Subject: Re: Mp3, patents, and Ogg/Vorbis
From: 'Don Marti' <dmarti@zgp.org>
Date: Wed, 28 Feb 2007 22:04:26 -0800

begin Lawrence Rosen quotation of Wed, Feb 28, 2007 at 07:19:30PM -0800:

> I'm confused about the intellectual property at issue here that presumably
> prevents Linux from running MP3 drivers. The email refers to "legal" risk as
> if that is one subject. MP3 is a patented technology. Is there a fear that
> Linux drivers can't implement MP3 because they don't have a patent license?
> Or is this a copyright-related fear, that it might be a DMCA violation to
> decode MP3 data streams within a computer running Linux? 

This isn't a patent issue, but a DVD CCA license
issue.  AFAIK the actual data on a DVD is MPEG, so
it's decodeable with an MPEG-licensed decoder which
you can get for Linux.  But the anti-user encryption,
called CSS, is (was?) a trade secret of DVD CCA.

> Keith Frechette wrote that, "[for] example, enabling the user to transfer
> DVD movies to other media (video tape, for example) via the S-Video port
> would likely have triggered a flood of lawsuits." Certainly that would be a
> risk if the enabling of copyright infringement were the motive or primary
> use of that technology.

The DMCA talks about "access control" as well as
copy control -- so a circumvention technology that
allows a user to do some action other than copying
(such as skipping the "unskippable" commercials on
some DVDs) could be just as much a DMCA violation as
a copying program.

> Nor is it an infringing act to ship a product that the consumer herself
> later "hacks" in order to infringe; connecting your radio to loudspeakers at
> the shopping mall is an infringing act, but not for the manufacturer of the
> radio or the loudspeakers! 

Yes, but if it's, say, an XM radio, and the XM license
requires the radio's features that limit the user's
actions to be "robust" then the radio manufacturer can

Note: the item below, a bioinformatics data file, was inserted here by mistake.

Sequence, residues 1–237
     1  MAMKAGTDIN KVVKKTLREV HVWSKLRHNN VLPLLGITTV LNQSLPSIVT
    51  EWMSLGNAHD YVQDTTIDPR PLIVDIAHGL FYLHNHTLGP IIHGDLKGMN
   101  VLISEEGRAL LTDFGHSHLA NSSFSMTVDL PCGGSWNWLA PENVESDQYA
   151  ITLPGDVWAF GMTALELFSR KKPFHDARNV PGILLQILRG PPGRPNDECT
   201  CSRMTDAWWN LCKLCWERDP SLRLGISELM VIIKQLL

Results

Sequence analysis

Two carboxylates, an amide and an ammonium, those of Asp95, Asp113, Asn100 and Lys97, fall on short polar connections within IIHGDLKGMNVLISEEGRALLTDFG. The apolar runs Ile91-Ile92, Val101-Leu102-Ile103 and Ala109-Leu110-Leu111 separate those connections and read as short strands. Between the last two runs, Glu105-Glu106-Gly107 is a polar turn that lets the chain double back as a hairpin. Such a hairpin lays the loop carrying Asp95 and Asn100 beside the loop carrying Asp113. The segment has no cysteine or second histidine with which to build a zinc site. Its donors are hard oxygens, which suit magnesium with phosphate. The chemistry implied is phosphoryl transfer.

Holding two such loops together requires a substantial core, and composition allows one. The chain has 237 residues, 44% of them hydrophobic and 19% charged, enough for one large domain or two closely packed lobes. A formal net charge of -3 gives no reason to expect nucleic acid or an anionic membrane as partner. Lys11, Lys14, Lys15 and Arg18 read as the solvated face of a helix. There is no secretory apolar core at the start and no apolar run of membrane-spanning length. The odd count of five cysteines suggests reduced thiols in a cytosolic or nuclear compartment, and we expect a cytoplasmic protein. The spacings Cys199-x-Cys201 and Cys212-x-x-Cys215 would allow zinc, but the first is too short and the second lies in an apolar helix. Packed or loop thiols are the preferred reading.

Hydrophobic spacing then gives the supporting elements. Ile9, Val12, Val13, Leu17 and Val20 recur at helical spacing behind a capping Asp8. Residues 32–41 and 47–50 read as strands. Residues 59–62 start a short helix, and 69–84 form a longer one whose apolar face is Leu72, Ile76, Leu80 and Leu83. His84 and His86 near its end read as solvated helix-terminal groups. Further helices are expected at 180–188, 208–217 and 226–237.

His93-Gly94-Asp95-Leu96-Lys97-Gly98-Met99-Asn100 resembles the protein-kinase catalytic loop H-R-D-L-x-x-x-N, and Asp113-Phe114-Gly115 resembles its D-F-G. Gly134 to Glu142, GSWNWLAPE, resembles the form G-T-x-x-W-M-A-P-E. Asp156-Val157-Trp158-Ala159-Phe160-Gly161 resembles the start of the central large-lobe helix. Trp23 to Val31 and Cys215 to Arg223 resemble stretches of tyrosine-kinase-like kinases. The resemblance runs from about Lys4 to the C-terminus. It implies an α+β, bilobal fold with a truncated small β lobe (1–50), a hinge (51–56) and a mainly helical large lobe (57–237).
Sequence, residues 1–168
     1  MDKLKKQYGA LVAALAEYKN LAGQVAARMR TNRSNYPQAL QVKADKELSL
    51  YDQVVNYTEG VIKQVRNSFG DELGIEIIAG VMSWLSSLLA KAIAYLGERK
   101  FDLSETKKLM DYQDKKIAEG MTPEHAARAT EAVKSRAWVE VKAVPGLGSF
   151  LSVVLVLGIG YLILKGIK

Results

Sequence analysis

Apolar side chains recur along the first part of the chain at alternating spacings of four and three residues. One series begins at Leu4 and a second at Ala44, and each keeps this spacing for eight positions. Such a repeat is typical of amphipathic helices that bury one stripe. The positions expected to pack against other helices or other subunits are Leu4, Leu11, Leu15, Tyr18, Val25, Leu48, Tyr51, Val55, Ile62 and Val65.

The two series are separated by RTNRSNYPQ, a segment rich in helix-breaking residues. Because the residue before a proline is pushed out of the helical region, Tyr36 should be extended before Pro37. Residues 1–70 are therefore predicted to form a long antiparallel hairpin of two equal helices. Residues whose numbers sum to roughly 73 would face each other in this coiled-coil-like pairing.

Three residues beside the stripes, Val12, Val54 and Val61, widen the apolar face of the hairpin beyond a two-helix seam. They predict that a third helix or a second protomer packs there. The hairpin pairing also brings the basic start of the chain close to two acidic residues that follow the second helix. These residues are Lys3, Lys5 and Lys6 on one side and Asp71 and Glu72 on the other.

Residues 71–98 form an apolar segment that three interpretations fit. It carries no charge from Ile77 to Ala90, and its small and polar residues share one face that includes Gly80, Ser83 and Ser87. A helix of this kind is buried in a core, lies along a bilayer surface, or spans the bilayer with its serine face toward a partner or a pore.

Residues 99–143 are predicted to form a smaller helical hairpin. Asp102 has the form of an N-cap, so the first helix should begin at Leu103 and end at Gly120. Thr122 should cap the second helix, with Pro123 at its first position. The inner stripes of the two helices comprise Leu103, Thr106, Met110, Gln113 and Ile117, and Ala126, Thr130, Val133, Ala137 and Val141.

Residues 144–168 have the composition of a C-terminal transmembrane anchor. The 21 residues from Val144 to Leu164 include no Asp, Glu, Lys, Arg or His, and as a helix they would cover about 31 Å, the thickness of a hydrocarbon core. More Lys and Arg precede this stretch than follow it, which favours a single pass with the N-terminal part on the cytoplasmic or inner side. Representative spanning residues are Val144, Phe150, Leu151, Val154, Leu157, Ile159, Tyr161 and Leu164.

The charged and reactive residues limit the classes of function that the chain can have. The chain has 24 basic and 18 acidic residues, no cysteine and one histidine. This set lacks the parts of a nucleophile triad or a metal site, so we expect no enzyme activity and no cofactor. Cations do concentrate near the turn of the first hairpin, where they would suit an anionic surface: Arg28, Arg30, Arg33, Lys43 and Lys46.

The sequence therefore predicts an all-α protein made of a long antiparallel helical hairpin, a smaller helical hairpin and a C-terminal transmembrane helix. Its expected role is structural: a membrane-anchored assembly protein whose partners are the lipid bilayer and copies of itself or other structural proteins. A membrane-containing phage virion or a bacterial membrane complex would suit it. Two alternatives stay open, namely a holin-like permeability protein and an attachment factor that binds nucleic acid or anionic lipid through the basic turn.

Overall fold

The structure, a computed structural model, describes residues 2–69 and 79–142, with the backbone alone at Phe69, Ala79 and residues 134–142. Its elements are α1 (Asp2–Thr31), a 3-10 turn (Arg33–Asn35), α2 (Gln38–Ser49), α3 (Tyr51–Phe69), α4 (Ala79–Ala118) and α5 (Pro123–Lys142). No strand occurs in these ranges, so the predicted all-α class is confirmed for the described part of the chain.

violate its contractual oblications to XM if the user
succeeds in making the connection.

> What intellectual property is preventing Linux-based computers from loading
> MP3 drivers and playing MP3 DVDs?

The MPEG patent pool and the DVD CCA trade secrets
on CSS.

> Remember the exhaustion doctrine: If I buy
> a Dell computer with Windows and later replace the operating system with
> Linux, what other licenses do I need in order to play my own MP3 DVDs? 

The Windows license probably requires you not
to split out the MP3 decoder from the rest of the
Windows product.  But if you buy the computer and boot
Linux without ever accepting the Windows license,
can you hack out the instructions implementing MP3
from the rest of Windows Media Player and use them?
I don't see why not.

> In
> fact, what specific MP3 licenses do I need in order to load Linux on a Dell
> computer to start with, given that I'm buying legal DVDs?

I think that the patent holders want a royalty from
those who sell MPEG content and from the manufacturers
of playback devices.

> Is there anything
> that prevents Dell from obtaining MP3 patent licenses on behalf of its
> customers for its computers regardless of which operating system runs on
> them? 

Yes -- the fact that they're already getting an MP3
license with each copy of Windows, and if they paid
for another one tied to the hardware they'd be driving
up the cost of their product to the Windows customers.

> Keith wrote this: "Under Linux, however, video drivers (X servers) are
> generally open-sourced, so handling Macrovision control logic in the video
> driver is not appropriate. Instead, the code is placed in a separate,
> binary-only, kernel driver." What is it about MP3 technology that is
> incompatible with Linux or the GPL? 

Keith isn't facing an MP3 issue here, but a DVD CCA
contract requirement.

-- 
Don Marti                    
http://zgp.org/~dmarti/
dmarti@zgp.org